E STIMATE : $150,000 ~ 250,000

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142 LAWREN STEWART HARRIS ALC BCSFA CGP FCA G7 OSA RPS TPG 1885 ~ 1970

Humber River Bank oil on board, signed and on verso signed and titled, circa 1918 10 5/8 x 13 6/8 in, 27 x 34.9 cm P ROVENANCE : Private Collection, Ontario The Humber River watershed, with its vast number of tributaries and smaller creeks, is located north of the city of Toronto. In Lawren Harris’s time, it saw less industrial development than other nearby rivers, and

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thus its banks were largely unspoiled. It is now a major sport fishing area. Harris’s joyous rendition of this sunlit patch of riverbank uses bright colours and swirling brushwork accented with daubs of paint, that give the work a pleasing, airy, pointillist feel. In particular, the daubs of bright green and larger swirls of softer, mid~toned green are filled with light and energy. The two shades of blue are in fine contrast to this, and speak of a shadowed, verdant forest marked by bits of bright sky peeking through. The licks of paint left behind by Harris’s rapidly moving brush stand out against the darker, hidden forest interior, and the lilting lines of the exposed tree limbs are a fine addition of decorative line in this inviting work.

E STIMATE : $50,000 ~ 70,000

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143 JAMES EDWARD HERVEY (J.E.H.) MACDONALD ALC CGP G7 OSA RCA 1873 ~ 1932

Snowfields, Evening oil on canvas, initialed and dated 1913 and on verso signed and titled on a label and inscribed J.M.’s writing ~ T.M. 9 x 12 in, 22.9 x 30.5 cm P ROVENANCE : Masters Gallery, Calgary; Kenneth G. Heffel Fine Art Inc., Vancouver Private Collection, Edmonton; Sold sale of Fine Canadian Art, Heffel Fine Art Auction House, November 18, 1999, lot 81 Private Collection, California

L ITERATURE : E.R. Hunter, J.E.H. MacDonald: A Biography and Catalogue of his Work, 1940, catalogued and described page 49 Nancy E. Robertson, J.E.H. MacDonald, RCA, 1873 ~ 1932, The Art Gallery of Toronto and the National Gallery of Canada, 1965, similar subject reproduced page 15

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Paul Duval, The Tangled Garden: The Art of J.E.H. MacDonald, 1978, a similar 1912 subject entitled Early Evening, Winter reproduced page 38 J.E.H. MacDonald’s early works, such as this fine winter scene, are delicate examples of his work in an Impressionist vein. He had been employed as a commercial designer at Grip Ltd. in Toronto from 1907 to 1911, where he produced skilled works. Encouraged by his fellow artists to pursue painting, he began to exhibit professionally in 1908. While Snowfields, Evening is influenced by both Impressionism and Art Nouveau, it also speaks clearly of the direction MacDonald’s work would take in a few short years. The emphasis on the landscape being part of a vast space, the amount of the composition that is given over to the sky, and the wildness of the scene ~ all point towards the Group of Seven style that was to come. MacDonald’s work from this time is often set at night ~ perhaps because his sketching time was limited by the demands at Grip, but also because these nighttime scenes, particularly those set in winter, had a great appeal to him. Low light, fine, elongated shadows and a peaceful quiet pervade this intimate work.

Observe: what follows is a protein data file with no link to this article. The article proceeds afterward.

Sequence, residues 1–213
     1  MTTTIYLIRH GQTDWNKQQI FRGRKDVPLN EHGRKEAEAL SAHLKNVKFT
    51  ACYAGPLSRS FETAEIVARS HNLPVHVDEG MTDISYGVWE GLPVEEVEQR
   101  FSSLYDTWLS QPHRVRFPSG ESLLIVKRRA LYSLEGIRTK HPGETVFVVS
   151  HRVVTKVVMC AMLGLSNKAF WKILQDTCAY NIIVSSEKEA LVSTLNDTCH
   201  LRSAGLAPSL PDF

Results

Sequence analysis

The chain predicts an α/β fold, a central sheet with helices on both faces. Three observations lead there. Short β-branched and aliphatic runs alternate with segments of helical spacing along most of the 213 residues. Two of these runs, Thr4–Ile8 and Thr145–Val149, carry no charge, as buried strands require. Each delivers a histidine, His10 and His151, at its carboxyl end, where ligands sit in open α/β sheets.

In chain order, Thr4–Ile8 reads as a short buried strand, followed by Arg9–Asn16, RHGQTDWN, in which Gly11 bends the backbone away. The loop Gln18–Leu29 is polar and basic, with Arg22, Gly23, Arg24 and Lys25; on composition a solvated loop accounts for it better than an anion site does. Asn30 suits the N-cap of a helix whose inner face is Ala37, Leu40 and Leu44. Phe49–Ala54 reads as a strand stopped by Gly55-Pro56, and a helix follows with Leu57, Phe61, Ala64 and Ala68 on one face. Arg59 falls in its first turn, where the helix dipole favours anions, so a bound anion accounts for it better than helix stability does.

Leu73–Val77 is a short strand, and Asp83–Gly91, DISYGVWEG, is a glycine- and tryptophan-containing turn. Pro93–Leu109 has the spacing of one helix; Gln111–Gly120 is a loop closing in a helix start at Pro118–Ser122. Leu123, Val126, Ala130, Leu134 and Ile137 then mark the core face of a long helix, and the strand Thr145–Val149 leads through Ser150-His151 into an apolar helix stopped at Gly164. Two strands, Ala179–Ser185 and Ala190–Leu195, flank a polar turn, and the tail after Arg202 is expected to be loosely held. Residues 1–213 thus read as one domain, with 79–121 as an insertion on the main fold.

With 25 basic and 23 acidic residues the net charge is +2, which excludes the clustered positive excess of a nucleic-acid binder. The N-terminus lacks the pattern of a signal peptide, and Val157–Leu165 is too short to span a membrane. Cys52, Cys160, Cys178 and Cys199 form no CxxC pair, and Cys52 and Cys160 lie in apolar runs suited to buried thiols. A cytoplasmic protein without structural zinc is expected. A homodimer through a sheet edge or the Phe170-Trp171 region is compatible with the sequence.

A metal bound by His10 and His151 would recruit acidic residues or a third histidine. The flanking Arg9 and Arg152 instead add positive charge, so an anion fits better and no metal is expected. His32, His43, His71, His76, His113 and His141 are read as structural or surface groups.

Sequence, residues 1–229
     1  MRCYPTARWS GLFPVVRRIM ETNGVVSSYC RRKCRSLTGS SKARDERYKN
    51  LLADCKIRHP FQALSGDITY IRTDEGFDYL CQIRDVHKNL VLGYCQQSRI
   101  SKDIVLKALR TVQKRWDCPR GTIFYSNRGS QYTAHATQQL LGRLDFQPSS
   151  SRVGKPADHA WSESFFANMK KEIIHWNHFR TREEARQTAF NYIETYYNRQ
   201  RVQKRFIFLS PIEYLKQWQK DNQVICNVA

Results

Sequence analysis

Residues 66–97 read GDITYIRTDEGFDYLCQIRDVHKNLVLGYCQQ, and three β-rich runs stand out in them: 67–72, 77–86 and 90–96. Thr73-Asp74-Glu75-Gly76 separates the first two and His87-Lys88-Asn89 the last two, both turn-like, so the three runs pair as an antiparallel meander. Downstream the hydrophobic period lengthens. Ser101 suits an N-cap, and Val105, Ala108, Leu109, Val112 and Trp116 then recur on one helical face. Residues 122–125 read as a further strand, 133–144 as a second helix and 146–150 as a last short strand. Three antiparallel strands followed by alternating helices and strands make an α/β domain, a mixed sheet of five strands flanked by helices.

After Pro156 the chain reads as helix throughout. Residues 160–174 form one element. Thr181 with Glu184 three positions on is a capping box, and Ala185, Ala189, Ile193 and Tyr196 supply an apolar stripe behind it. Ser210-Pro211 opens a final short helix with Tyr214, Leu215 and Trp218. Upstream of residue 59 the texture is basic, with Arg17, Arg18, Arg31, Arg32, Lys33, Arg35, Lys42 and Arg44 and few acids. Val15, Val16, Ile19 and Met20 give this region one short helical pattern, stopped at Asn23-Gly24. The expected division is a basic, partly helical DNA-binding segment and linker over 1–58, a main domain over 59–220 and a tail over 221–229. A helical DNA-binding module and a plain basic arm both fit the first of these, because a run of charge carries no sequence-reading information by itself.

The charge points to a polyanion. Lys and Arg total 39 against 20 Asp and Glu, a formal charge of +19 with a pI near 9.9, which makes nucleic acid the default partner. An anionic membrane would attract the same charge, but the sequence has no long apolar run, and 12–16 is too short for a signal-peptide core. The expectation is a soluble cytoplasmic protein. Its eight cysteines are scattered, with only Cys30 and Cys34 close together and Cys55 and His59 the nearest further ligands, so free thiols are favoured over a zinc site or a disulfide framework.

E STIMATE : $20,000 ~ 30,000

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144 JAMES EDWARD HERVEY (J.E.H.) MACDONALD ALC CGP G7 OSA RCA 1873 ~ 1932

Misty Morning, Mongoose Lake oil on board, initialed and on verso signed, titled variously and dated 1919 or 1920 on a label, inscribed Collection Mrs. A. Crawford Kenney, Toronto and certified by Thoreau MacDonald 8 1/2 x 10 1/2 in, 21.6 x 26.7 cm P ROVENANCE : A. Crawford Kenney, Toronto Private Collection This vibrant, energetic work comes either from the second Algoma boxcar trip J.E.H. MacDonald took with Lawren Harris, Frank Johnston

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and A.Y. Jackson in the fall of 1919, or from the fall trip they took the following year to the same region, when they rented a cottage at Mongoose Lake. MacDonald was enraptured with the scenery of Algoma, loving it just as much on the second trip as the first, as revealed when he wrote to his wife in mid~September, “Glad to find the old impression of the country pleasantly renewed.” Paul Duval writes, “In MacDonald’s small, on~the~spot oil sketches created during his three trips, we already find the astonishing impact Algoma had upon him as an artist. Precisely observed and brilliantly drawn with a free, loaded brush, these little panels reveal a new creative confidence and technical assurance… MacDonald seems to have been on top of his Algoma material from the beginning.” The richness of Algoma’s colour, exemplified in this charming work, and the opulence of pattern and form to choose from, appealed to him from every hillside and shoreline.